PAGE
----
Saltless water softeners came out on the market roughly around the late 1990s and early 2000s. They reached the peak of mainstream adoption from around 2010 to 2011, and the adoption curve has now gone down drastically. As it turns out, most people have discovered that these products just don’t work.
The bottom line is, it’s scientifically impossible to remove hardness from water without adding something back. Effective water softeners use salt (or similar molecules such as sodium chloride) to do their job. Saltless water softeners claim to break down hardness molecules, which are already invisible to the naked eye. These already dissolved molecules are claimed to be broken down so small that they will not stick to pipes, plumbing fixtures, shower doors, or dishes.
The reality is, however, that claim simply doesn’t hold up. It’s not possible to break down an already tiny hardness molecule to the point that it will no longer become a solid. Think about what would happen if you took a pot of hard water and boiled it until all the water had evaporated. You would be able to observe a chalky residue left in the pot. This is very similar to using a saltless water softener. The same chalky residue will remain in solid form, just as it does in water heaters and shower heads. Supposedly reducing the size of the molecule wouldn’t even be a step towards solving that challenge.
One of the benefits of having soft water is the tremendous savings on soap and cleaning products. It takes less shampoo, laundry detergent, dishwashing detergent, and body wash if these products don’t have to compete with hard water. If the hardness remains in the water (but is supposedly composed of smaller molecules) there would be no money savings from reduced soap use. Why install a saltless water softener if it isn’t going to actually give you the benefit of having soft water?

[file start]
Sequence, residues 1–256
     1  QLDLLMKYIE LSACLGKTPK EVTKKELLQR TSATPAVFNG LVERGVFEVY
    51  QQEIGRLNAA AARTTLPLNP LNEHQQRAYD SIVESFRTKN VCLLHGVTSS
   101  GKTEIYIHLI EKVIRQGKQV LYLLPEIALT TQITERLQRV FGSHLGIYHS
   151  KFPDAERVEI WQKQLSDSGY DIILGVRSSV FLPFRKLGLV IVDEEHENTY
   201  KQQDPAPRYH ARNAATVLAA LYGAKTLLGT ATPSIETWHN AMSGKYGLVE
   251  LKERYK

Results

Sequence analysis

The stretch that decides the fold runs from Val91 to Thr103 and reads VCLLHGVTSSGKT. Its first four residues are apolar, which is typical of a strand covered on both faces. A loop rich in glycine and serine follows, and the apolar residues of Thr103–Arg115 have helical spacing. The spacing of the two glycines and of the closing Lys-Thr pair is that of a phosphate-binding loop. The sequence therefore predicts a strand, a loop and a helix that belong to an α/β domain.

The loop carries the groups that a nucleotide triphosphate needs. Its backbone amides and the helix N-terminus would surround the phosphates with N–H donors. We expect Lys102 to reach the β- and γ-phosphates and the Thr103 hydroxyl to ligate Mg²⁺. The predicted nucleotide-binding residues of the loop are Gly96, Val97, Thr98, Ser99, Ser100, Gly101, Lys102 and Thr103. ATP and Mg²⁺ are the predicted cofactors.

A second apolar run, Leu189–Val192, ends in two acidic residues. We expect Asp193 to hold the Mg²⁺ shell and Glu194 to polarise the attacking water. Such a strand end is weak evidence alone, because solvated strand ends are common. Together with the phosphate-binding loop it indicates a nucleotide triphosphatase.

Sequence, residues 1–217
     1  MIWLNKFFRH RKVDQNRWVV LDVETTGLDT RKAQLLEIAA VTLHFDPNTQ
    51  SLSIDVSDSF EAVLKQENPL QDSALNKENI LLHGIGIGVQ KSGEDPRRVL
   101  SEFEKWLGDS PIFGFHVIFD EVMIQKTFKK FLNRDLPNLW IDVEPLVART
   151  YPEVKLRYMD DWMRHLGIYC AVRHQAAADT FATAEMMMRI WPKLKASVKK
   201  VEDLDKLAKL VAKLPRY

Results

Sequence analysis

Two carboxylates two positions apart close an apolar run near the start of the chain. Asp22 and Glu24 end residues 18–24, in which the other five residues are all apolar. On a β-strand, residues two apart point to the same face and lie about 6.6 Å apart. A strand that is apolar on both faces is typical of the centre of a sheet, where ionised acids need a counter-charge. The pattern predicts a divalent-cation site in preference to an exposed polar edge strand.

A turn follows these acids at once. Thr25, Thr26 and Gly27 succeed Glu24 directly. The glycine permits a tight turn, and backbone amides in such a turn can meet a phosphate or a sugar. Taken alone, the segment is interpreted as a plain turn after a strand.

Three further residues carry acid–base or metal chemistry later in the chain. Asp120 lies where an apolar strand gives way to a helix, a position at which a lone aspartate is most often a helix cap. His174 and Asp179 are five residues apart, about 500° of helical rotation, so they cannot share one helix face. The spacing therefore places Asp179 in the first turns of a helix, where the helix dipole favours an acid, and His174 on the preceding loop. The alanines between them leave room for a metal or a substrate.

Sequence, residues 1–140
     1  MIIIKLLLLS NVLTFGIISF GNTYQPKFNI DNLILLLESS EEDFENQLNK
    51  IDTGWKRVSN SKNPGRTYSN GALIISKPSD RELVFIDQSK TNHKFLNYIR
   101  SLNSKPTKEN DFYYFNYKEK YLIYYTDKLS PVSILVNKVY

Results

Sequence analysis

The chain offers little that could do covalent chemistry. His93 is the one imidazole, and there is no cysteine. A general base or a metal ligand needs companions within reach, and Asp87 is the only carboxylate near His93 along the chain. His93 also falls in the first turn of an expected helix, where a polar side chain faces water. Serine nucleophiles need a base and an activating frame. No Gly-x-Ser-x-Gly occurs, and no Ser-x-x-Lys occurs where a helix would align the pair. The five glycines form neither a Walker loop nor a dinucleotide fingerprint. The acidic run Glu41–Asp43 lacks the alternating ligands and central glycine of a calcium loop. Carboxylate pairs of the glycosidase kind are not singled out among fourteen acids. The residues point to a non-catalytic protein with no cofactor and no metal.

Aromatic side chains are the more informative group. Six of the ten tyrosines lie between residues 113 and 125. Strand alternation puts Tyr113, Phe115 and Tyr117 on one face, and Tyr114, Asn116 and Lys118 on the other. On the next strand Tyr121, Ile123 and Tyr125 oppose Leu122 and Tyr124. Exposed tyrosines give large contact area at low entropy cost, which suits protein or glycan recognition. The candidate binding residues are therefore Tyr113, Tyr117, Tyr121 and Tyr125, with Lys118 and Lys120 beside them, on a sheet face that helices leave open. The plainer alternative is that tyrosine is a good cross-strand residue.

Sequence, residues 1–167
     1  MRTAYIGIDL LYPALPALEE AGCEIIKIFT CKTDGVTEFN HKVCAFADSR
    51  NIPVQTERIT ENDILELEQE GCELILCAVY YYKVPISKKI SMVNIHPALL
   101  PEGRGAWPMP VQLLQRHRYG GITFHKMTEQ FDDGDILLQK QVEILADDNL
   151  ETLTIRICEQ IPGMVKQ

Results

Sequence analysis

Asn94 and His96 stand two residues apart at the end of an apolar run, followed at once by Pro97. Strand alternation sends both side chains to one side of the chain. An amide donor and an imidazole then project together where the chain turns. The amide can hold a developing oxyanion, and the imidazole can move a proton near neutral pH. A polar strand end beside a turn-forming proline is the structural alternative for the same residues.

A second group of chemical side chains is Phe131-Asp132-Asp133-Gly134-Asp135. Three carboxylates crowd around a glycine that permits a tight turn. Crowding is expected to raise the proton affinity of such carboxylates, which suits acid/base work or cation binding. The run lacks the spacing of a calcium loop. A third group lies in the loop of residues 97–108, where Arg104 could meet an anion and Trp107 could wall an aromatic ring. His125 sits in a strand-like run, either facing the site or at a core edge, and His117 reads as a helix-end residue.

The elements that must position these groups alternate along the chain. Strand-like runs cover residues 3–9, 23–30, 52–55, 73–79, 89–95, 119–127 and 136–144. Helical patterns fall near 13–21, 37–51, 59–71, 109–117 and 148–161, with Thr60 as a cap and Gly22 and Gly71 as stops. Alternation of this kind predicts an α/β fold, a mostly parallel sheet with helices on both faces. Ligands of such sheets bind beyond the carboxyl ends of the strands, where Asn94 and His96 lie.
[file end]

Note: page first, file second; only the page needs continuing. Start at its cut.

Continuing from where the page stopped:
Saltless water systems just cannot prove their effectiveness. We should be able to see demonstrable, testable results after installing these products. These units aren’t cheap—they usually cost over a thousand dollars. If you’re thinking about spending that much money on a product that can’t demonstrate its effectiveness, it might be worth reconsidering your investment. After taking a water sample before the unit and after the unit, the hardness results would be similar because the water’s makeup isn’t changing. (Remember, the unit is supposedly changing the hardness molecule’s size).
We think that people should be aware and educated about saltless water softeners. These products are declining in the water treatment industry because word has finally gotten around that they do not work. People who have installed these units are very unhappy with the lack of results. In fact, we just finished taking out one of these units for someone and replaced it with an effective water softener that uses salt. It’s becoming more and more common for us to have to remove saltless water softeners from people’s homes.
If you have any questions about why we do not recommend installing a saltless water softener in your home (or if you have a saltless water softener and need it to be removed), contact us online or give us a call at (540) 483-9382.